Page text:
PILES of planning documents were posted out by council chiefs at a cost of almost £700 – although they could have been dispatched by a courier company for a quarter of the price.
The bundles of reports and maps for the latest version of Edinburgh’s local development plan had to be sent to the 44 community councils across the city to get their views on the planning blueprint.
But Norman Tinlin, secretary of Fairmilehead Community Council, was shocked when the documents arrived in a torn brown envelope showing the price of postage as £15.85.
He said: “It’s a lot of money to spend on post, particularly when the council is pleading poverty. I can think of lots of things the council would be better spending the money on.
“They could have e-mailed us and told us they were at the library or the local office to pick up, or they could have got a council van to deliver them.”
Peggy Wright, secretary of Firrhill Community Council, was equally dismayed when she saw how much the postage was.
“It’s a huge cost to the council,” she said. “There must be a cheaper way to do it.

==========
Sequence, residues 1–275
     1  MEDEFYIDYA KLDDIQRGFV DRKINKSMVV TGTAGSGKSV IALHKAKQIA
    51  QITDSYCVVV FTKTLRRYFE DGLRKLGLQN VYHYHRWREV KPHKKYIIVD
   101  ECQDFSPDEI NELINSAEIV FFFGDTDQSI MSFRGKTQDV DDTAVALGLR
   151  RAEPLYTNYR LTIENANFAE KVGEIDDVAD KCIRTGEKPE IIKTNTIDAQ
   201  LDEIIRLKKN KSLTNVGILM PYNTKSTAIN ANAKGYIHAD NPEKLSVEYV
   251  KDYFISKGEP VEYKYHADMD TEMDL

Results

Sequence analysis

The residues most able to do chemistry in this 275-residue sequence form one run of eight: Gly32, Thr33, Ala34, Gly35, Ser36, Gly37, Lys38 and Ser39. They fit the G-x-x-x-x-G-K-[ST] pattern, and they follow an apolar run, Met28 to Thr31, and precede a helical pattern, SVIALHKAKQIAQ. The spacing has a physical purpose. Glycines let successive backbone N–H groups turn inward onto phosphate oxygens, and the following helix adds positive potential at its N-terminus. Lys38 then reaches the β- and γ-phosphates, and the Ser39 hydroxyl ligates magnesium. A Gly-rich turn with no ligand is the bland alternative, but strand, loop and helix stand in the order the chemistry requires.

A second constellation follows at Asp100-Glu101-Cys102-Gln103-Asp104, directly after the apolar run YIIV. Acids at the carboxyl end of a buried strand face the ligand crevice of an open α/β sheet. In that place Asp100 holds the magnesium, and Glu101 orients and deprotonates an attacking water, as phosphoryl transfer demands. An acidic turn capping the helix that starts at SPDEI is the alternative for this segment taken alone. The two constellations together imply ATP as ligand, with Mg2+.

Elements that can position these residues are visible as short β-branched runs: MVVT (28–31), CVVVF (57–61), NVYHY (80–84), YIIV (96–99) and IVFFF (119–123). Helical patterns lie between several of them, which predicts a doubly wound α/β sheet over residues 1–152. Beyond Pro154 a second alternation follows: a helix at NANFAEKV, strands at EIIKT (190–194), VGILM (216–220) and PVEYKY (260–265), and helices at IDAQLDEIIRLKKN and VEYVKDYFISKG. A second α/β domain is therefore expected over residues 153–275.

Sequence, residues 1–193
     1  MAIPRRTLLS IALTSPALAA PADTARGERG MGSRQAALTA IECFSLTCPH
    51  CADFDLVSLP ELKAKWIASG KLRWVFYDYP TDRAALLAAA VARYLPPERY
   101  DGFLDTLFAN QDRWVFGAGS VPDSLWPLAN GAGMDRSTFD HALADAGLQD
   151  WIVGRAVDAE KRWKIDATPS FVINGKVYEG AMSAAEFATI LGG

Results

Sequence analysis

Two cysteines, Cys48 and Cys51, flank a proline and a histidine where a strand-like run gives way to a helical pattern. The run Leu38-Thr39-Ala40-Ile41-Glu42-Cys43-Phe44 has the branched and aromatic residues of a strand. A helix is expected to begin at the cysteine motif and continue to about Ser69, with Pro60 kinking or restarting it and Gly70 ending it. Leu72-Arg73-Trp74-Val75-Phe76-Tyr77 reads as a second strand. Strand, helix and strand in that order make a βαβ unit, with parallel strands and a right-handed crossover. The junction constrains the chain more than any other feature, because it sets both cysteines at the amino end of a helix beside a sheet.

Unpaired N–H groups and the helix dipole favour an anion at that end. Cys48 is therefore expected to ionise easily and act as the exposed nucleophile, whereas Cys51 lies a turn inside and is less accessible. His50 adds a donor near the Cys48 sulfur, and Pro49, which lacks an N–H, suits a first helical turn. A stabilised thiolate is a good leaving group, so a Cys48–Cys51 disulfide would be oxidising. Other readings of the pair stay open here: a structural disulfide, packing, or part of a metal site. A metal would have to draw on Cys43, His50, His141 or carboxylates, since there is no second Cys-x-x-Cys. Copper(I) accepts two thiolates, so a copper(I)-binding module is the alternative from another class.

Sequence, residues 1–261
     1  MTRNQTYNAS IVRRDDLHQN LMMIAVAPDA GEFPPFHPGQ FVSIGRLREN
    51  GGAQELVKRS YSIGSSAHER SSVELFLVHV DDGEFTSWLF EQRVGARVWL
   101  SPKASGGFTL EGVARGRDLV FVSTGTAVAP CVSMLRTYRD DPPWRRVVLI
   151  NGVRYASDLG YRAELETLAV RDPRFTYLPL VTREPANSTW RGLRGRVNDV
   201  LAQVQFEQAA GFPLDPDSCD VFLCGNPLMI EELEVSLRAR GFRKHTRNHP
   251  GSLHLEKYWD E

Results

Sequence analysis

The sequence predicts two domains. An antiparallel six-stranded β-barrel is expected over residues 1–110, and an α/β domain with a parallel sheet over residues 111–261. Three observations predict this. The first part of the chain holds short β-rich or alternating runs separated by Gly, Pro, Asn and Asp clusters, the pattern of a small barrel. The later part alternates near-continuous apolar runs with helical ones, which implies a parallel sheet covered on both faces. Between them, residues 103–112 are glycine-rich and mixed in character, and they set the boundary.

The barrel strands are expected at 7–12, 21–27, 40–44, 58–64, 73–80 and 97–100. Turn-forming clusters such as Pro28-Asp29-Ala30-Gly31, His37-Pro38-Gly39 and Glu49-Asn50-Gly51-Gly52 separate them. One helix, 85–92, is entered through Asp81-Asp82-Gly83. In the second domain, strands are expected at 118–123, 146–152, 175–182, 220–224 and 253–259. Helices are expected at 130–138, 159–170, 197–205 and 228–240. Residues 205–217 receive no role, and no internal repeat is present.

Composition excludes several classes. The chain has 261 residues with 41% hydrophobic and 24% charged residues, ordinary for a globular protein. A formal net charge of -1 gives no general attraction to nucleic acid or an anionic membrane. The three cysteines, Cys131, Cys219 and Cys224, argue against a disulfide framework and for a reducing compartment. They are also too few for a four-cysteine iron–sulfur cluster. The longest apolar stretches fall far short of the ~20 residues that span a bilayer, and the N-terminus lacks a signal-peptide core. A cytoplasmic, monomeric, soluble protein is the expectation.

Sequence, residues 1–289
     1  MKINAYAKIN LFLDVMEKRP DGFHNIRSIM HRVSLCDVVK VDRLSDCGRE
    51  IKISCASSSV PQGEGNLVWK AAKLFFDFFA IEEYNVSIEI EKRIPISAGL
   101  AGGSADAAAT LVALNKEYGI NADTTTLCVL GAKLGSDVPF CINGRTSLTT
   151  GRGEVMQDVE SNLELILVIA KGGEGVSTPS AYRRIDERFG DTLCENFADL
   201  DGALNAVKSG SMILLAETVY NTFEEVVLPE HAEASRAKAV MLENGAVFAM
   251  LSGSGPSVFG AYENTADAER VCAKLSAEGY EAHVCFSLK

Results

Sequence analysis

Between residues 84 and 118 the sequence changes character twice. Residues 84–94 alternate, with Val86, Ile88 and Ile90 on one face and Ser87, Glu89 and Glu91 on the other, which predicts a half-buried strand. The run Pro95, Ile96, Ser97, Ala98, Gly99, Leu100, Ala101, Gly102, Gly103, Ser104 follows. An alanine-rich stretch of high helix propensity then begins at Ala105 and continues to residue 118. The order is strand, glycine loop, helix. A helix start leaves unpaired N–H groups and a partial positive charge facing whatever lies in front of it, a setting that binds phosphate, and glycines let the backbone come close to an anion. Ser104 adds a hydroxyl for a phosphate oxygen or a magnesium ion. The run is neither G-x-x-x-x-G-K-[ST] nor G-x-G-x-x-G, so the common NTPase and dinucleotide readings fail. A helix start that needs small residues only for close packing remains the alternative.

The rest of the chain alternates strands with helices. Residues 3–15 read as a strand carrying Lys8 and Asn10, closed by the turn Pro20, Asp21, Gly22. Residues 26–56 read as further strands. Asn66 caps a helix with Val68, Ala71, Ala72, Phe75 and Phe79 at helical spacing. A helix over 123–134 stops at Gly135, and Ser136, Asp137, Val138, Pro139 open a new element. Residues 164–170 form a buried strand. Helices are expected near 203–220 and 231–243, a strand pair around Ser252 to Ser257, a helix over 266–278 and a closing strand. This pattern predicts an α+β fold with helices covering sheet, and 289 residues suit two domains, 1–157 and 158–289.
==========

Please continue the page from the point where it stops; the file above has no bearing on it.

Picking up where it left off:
“It was a massive weight and it was in an ordinary plain brown envelope with one piece of parcel tape round the middle.
“It arrived in tatters. Royal Mail had had to repackage it in a plastic envelope with an apology. They had no need to apologise – if the council is spending all that money on postage, you would think they could get a proper envelope.
“These big booklets must have been very expensive to produce in the first place with their wire bindings and beautiful glossy pictures. This postage lark is the last straw.”
City Couriers gave a ballpark estimate of around £150 for next-day delivery of packages to 44 addresses across the city.
Tory councillor Jason Rust has written to officials, asking whether other ways of distributing the documents had been considered.
He said: While it’s important the community councils get the information, I share their shock at the amount of money spent on the postage when cheaper options were available.
“At a time of cutbacks it seems invidious to be spending so much on posting these documents.”
The council said the documents related to the second stage of the local development plan which was being published for a formal period of representations, running for six weeks from August 22 until October 3.
The documents had been posted first class by Royal Mail to all 44 community councils so they had the full six weeks to consider them and make representations.